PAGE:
Yes, it’s the theme song to House, in its instrumental form, with the lovely, fragile music falling and climbing as piano chords interfere, crashing heavily and providing some structure to the whole thing. But without the vocals from Liz Frazer, this is just a pretty tune that hints at foreboding; what makes “Teardrop” so wonderful are the words, for me.
“Love/Love is a verb/Love is a doing word,” she sings at the start, the most direct lyrics in a song full of hint and tease. We can guess from the lyric and delivery that “It’s tumbling down” isn’t something good, sure, but what exactly does “Teardrop on the fire/Of a confession/Fearless on my breath” mean, exactly? The same with “Water is my eye/Most faithful mirror.” It’s all emotional echolalia, in a way; words coming out, repeated, and they all mean something but that meaning isn’t clear. That adds to the weight of the song, though; the idea of tragedy that you not only can’t prevent (“It’s tumbling down!”), but can’t even grasp fully.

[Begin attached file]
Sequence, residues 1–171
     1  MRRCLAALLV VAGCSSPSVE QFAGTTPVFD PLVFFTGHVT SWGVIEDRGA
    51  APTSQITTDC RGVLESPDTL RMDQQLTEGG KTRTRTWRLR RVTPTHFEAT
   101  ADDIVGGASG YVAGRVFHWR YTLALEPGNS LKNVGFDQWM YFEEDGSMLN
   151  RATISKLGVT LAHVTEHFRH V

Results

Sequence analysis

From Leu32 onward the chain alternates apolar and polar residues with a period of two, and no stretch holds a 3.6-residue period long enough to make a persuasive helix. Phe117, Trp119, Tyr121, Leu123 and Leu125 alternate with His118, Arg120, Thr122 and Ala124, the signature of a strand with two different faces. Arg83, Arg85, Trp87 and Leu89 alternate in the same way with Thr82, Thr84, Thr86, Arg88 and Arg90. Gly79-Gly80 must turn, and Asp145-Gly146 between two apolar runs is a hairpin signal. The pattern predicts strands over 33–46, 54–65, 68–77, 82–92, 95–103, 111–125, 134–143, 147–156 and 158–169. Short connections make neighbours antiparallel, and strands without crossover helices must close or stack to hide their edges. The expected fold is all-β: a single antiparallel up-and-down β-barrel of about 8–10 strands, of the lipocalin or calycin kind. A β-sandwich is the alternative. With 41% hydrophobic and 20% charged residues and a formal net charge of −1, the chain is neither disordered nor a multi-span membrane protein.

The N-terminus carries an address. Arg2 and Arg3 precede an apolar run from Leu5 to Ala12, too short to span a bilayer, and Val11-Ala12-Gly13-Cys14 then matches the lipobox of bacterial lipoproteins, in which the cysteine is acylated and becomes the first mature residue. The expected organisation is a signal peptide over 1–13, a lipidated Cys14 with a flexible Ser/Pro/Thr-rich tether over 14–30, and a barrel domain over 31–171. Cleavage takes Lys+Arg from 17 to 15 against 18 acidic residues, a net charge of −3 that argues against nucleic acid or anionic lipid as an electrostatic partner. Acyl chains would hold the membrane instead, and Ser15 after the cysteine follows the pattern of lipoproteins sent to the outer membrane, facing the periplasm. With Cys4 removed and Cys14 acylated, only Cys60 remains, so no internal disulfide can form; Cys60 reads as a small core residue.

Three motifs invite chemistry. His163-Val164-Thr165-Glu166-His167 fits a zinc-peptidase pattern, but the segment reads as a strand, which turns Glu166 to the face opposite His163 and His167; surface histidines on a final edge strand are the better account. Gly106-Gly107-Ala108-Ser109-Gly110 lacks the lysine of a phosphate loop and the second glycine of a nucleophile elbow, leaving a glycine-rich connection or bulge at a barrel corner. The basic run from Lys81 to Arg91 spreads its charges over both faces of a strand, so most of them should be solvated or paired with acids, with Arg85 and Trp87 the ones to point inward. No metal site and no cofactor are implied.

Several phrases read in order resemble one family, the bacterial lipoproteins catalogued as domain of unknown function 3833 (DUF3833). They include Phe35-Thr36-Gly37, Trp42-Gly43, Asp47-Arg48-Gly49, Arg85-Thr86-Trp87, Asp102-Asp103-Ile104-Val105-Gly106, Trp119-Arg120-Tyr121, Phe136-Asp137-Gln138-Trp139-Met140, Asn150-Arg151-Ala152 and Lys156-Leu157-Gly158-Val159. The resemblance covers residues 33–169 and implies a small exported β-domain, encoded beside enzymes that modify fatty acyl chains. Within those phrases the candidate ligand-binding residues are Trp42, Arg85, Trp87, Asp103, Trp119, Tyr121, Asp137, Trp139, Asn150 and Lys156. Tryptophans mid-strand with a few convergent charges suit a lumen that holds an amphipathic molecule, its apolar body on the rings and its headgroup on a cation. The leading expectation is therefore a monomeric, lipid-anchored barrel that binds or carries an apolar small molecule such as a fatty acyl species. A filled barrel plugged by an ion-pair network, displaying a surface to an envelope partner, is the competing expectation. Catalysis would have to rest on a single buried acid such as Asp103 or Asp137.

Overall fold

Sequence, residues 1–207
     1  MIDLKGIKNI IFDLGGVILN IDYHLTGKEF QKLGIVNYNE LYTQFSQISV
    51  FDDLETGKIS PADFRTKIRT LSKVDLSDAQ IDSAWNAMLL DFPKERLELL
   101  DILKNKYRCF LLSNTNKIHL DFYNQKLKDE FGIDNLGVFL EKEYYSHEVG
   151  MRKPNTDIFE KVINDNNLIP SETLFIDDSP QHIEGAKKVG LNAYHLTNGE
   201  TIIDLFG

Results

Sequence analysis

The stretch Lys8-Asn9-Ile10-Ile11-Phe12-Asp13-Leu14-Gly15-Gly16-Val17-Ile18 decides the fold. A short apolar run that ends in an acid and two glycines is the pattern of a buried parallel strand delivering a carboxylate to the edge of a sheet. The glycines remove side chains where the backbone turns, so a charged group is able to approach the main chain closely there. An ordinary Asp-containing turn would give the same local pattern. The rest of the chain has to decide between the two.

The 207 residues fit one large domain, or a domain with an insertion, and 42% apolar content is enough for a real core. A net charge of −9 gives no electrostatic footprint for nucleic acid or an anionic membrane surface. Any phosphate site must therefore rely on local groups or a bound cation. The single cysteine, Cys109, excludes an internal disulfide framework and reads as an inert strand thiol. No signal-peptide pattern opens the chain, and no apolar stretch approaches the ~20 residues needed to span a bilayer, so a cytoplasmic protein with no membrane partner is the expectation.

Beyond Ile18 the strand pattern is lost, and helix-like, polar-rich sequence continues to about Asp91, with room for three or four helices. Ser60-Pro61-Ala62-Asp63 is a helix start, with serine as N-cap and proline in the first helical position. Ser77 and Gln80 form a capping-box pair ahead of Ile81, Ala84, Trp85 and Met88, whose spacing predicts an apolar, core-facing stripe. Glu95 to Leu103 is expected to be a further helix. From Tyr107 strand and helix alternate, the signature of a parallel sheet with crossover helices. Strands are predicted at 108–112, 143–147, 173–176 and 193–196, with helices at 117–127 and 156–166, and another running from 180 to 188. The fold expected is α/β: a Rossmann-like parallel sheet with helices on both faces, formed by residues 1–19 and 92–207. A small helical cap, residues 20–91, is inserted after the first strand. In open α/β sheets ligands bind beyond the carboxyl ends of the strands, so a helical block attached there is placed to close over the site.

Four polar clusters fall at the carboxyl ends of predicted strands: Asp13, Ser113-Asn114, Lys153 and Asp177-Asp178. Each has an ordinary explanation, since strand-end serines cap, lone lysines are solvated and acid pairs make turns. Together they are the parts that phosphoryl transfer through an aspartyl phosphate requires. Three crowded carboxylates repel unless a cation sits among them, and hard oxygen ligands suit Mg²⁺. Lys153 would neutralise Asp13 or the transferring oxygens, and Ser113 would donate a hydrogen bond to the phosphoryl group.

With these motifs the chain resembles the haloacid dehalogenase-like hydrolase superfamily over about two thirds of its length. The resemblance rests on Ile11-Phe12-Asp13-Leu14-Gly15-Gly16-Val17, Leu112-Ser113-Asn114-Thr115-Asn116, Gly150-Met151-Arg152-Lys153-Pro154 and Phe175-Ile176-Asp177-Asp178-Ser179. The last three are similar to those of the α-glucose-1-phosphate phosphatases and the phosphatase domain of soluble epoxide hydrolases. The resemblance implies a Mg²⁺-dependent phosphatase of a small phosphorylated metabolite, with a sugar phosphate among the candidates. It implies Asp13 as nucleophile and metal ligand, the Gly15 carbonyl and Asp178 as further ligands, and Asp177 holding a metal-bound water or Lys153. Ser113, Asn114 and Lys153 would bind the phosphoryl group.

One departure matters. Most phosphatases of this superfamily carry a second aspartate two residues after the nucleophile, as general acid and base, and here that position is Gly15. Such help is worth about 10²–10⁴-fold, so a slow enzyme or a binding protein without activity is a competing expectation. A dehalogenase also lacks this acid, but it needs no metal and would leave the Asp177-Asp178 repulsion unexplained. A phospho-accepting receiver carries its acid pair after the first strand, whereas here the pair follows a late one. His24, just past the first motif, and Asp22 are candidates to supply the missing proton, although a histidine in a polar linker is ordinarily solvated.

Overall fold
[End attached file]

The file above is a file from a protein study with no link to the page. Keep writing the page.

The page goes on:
That most people now – myself included – can’t hear the start of the song without thinking of House is a shame. It deserves better.
Here’s a really nice cover version, to send you on your way, from Jose Gonzalez: